Researchers look for cause, Judith Graham writesTo read the entire article, click here.
A year after experts sounded an alarm about a sharp rise in the number of young people taking their lives, teen suicide rates remain higher than expected, according to research published Tuesday in the Journal of the American Medical Association.
The new data, from 2005, suggest that the long-term decline in teen suicide rates throughout the 1990s and the early part of this decade has moderated and may be nearing an end. Still, the findings are far from definitive.
The new JAMA report relies on a "what if" calculation. First, researchers looked at suicide trends for 10- to 19-year-olds from 1996 to 2003, a period when suicide rates sloped downward. Next, they predicted what suicide rates would have been in 2005 if the trend held.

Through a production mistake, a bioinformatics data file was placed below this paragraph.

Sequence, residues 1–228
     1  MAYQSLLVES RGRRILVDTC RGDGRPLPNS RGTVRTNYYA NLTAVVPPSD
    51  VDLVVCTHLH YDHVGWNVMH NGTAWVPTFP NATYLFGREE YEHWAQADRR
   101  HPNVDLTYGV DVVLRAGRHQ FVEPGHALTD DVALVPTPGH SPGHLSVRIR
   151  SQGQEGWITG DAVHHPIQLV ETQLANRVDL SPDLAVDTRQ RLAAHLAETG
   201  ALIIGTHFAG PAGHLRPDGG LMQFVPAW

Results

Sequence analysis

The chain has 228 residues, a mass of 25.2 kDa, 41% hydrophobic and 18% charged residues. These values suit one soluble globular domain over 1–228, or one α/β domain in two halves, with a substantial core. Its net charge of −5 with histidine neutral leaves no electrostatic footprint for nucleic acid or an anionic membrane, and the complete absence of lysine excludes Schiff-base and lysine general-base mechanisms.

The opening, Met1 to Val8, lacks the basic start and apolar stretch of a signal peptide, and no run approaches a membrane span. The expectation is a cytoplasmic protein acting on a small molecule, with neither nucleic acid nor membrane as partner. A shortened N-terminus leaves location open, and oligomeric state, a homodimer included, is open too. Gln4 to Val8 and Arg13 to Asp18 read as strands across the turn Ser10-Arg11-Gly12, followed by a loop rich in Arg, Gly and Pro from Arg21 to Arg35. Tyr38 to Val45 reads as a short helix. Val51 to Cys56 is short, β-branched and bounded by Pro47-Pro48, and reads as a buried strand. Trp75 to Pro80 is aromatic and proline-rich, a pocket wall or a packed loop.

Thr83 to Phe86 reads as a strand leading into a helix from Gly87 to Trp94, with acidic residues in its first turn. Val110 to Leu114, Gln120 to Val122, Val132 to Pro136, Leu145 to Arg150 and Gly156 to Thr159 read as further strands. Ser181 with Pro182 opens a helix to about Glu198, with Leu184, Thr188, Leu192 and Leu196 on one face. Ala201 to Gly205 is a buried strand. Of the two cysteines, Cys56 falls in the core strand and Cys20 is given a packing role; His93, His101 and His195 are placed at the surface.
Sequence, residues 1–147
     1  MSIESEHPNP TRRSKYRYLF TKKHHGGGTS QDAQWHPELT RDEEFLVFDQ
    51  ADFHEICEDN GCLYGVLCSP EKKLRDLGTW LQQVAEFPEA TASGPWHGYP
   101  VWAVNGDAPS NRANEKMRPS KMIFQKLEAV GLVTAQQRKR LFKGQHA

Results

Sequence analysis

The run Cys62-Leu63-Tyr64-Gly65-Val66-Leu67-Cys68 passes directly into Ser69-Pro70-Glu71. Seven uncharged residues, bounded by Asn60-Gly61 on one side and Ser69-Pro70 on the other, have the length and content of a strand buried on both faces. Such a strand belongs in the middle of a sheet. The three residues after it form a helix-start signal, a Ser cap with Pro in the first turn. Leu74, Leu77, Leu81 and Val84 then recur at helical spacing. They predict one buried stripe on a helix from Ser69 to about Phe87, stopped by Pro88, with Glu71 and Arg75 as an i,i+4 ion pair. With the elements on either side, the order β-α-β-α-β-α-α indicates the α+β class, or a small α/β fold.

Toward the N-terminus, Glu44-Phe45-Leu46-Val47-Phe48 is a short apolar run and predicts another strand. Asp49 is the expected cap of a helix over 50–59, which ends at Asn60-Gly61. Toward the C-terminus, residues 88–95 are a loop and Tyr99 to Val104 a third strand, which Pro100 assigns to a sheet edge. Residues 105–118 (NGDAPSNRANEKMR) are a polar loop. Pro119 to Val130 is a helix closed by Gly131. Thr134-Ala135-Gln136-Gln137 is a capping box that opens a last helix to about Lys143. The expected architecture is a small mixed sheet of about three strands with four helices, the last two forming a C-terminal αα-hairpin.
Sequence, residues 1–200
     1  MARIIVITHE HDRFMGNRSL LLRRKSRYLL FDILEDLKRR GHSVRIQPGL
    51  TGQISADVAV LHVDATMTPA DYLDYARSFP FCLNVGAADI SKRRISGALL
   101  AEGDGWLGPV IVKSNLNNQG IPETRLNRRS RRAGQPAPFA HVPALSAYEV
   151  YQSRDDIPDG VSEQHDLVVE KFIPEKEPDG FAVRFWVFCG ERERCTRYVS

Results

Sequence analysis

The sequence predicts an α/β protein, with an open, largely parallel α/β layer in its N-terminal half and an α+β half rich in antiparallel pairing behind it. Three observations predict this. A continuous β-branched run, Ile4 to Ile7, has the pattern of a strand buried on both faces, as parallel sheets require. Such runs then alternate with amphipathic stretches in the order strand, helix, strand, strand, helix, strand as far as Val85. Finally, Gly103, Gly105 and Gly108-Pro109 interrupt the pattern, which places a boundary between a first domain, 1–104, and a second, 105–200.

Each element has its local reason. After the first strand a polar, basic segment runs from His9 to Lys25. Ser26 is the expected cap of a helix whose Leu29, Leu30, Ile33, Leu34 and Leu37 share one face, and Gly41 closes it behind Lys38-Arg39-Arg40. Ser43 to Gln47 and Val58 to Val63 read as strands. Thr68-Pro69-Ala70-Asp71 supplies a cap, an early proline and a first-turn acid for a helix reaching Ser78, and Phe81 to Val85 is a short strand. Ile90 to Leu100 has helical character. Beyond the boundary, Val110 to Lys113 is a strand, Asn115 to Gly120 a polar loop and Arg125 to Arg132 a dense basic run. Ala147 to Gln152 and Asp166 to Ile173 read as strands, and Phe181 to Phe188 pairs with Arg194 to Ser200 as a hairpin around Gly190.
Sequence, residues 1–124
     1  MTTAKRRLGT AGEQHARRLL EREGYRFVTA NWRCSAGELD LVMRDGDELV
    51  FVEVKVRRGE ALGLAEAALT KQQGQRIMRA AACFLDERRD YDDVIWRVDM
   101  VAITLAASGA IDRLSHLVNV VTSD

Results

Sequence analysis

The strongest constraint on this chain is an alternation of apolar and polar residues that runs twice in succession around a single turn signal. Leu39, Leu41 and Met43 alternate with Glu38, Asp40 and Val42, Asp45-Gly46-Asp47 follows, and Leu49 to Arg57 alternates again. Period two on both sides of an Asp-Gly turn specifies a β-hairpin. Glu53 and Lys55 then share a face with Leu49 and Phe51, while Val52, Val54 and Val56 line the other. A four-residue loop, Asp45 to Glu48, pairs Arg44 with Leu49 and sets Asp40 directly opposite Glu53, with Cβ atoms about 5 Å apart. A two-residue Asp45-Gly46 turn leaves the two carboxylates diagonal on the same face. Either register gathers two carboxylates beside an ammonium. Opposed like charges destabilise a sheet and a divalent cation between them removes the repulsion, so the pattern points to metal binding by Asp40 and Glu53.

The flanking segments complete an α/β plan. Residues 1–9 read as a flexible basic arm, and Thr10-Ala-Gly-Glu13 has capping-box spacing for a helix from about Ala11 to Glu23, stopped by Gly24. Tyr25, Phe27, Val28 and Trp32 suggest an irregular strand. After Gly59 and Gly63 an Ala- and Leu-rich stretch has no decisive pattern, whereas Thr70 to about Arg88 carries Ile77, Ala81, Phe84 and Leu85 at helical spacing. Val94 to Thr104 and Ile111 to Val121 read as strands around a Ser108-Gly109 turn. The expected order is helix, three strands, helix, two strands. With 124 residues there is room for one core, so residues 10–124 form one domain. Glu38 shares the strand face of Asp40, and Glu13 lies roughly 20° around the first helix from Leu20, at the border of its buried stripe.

The predicted rate of teen suicide for that year was 3.8 deaths per 100,000 young people; the actual rate was 4.49 deaths per 100,000, a statistically significant difference.
"Based on recent historical trends, we would have expected these rates to be a lot lower," said Jeffrey Bridge, lead author of the JAMA research letter and an assistant professor of pediatrics at Ohio State University. "We need to understand what's causing this."
Friday, September 5, 2008
Teen suicide rate remains high
From the September 3rd edition of the Chicago Tribune: